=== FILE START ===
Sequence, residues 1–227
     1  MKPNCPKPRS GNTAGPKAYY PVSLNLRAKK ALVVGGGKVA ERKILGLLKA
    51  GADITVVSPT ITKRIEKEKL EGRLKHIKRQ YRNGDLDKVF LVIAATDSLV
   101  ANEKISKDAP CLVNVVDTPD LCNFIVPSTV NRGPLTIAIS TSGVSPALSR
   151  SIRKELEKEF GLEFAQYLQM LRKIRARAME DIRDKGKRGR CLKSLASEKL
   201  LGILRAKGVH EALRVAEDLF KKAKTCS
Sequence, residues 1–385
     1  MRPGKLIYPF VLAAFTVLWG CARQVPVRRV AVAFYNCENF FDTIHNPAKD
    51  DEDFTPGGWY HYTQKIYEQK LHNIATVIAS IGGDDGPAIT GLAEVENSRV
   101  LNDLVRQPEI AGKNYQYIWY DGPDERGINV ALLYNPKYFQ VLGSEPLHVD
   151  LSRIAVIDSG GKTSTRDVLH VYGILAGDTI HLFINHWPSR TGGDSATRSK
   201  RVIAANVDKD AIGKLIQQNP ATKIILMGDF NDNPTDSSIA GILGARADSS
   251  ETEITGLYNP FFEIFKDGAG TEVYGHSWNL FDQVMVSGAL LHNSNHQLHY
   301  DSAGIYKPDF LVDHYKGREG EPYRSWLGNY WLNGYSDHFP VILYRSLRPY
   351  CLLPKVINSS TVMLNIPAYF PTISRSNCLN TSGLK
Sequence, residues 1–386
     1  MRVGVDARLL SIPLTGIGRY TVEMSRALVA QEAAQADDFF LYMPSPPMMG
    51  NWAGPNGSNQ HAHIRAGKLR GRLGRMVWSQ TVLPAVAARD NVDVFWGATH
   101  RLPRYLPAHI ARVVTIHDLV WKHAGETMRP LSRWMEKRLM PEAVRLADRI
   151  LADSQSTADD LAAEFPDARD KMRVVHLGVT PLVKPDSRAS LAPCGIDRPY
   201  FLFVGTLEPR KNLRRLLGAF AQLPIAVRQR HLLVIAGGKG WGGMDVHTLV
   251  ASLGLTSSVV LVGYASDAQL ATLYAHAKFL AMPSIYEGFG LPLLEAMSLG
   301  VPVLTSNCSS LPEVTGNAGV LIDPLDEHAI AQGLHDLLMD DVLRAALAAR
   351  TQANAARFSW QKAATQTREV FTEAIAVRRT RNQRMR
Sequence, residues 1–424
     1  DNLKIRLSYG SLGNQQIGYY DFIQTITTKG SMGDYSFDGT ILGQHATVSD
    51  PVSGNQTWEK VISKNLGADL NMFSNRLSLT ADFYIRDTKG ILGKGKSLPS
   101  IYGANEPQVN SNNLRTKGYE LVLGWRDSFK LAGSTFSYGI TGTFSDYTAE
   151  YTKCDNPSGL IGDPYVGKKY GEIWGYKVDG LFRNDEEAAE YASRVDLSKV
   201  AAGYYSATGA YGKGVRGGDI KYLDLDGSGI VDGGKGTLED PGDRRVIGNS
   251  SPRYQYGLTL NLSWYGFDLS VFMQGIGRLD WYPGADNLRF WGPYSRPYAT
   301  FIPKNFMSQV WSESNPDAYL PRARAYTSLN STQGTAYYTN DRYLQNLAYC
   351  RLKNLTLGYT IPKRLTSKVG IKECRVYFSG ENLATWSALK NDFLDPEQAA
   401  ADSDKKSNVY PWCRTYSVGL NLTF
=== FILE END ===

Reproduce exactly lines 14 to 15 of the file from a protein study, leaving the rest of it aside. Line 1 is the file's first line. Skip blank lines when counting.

   301  DSAGIYKPDF LVDHYKGREG EPYRSWLGNY WLNGYSDHFP VILYRSLRPY
   351  CLLPKVINSS TVMLNIPAYF PTISRSNCLN TSGLK